Myron Kassaraba's weblog about digital photography on the web

Monday, June 11, 2007

Eye-Fi Raises $5.5 M for Wi-Fi SD cards

Eye-fi, a Silicon Valley startup announced that they have closed a $5.5 million dollar A round of venture financing. I first read about these guys last year and signed up for their beta in October (though wasn't selected). They are estimating that a 1GB Eye-fi SD card will be $100 - I just saw 1GB SD cards in a Sunday circular for $14.95. The idea of being able to instantly get my pictures from the camera to the web is appealing to me (hence the name of this blog!). I've tried a number of previous attempts including a SONY Clie with a Wi-Fi card, I still own my Nikon P3 (who's Wi-Fi I gave up on trying to get to work). It just seems to me that there is a lot more complexity to this Wi-Fi/SD marriage than meets the eye.

Here are a few of the issues that come to mind:
(1) Though I really like the idea of getting some of my pictures posted quickly to Flickr, it is maybe one in 5 - not all. It is still very important for me to get my original files on my desktop (and then onto my backup drive) so this is really not an obvious substitute for my cable.
(2) What happens if I am on a trip and am shooting more than 1 GB worth of images/video clips using multiple SD cards or I'm somewhere that might not have a Wifi connection that works. Unless I use the Eye-fi card exclusively, how do I manage transmitting my pictures on different cards?
(3) If I do use the Eye-fi card exclusively, how do I get the pictures to my PC? Do I upload and then sync back to my PC?
(4) Do the pictures go directly to Flickr or are they going through some intermediate site controlled by Eye-fi (that I would no doubt need to pay a subscription fee to use) and are then being relayed to the sites that I select.
(5) How does one manage the options for the Eye-fi through the cameras UI? Lets say I want all my pictures to be sent to my personal storage area in the cloud but I want to tag only certain ones to go to Flickr - some I want to be public, others private, etc.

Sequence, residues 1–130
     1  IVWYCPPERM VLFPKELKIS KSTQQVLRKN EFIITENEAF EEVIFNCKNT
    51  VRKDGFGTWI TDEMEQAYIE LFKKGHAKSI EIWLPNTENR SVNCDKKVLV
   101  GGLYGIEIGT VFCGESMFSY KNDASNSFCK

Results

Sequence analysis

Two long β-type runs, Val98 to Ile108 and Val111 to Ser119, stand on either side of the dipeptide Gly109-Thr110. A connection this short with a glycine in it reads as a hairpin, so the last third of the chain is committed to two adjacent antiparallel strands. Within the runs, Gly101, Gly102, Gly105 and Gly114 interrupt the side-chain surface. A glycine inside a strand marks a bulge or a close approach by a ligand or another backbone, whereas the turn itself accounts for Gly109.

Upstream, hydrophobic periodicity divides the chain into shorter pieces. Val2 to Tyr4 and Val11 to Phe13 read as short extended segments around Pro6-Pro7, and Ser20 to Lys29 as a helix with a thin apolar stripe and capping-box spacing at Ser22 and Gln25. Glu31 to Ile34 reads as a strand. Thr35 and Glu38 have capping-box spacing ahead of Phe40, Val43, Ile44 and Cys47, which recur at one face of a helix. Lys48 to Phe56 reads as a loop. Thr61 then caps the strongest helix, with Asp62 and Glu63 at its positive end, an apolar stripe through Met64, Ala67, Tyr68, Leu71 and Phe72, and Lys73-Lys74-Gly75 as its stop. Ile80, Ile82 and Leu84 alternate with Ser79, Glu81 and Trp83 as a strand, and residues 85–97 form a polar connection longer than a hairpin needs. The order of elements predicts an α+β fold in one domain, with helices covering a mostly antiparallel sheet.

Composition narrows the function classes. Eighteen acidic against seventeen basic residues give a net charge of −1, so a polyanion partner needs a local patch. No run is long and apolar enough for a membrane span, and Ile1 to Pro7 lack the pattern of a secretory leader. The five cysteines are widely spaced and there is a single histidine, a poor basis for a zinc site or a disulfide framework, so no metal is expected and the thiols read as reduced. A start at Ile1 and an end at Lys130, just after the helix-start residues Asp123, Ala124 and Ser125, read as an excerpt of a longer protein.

Maybe Eye-fi's strategy is to prove out the software and platform with the SD card but ultimately their business is to license that SW and platform to camera or mobile phone vendors who integrate Wifi into their cameras/camera phones as a native feature or make Wifi available as a dongle (this is actually my preferred option - hope someone from Nikon reads this blog!).

I do question the long-term need for connected cameras that are not integrated with a phone (that may also have Wi-Fi capability). Though my recent experience with the Samsung A990 3.2 Mpixel phone from Verizon was pretty bad, phones from Sony Ericsson and Nokia are starting to deliver all the image quality and performance you need for most snapshots or photoblog posts. Plus they have an integrated keyboard for labeling and tagging, a more open environment for 3rd party applications (Shozu being one such example) and more of them have built-in GPS for automatic geo-tagging.

I wish the Eye-fi guys luck as I'm very pro sharing and getting the pictures off the camera and in some cases published to the web. I'm just not sure this specific product as a Wi-Fi/SD card for $100 is going to be a big winner with more capable camera phones coming on strong and such a cost competitive market for SD memory.



  • At 1:50 PM, Blogger Ben said…

    I think the more likely "default" supported mode on cameras in the future is wireless USB -> cell phone -> upload service. The interface issues you mention are significant for making a "generic SD card solution", i.e without special firmware on the camera. Also, WIFI is still a big battery drain, and would not be ideal in many (non-studio-class) cameras.

    But 3 years from now it's entirely possible everyone will have a wireless-USB enabled cellphone and camera, no reason they can't talk to each other, and have a tiny app on the phone to select which pix to upload, etc.


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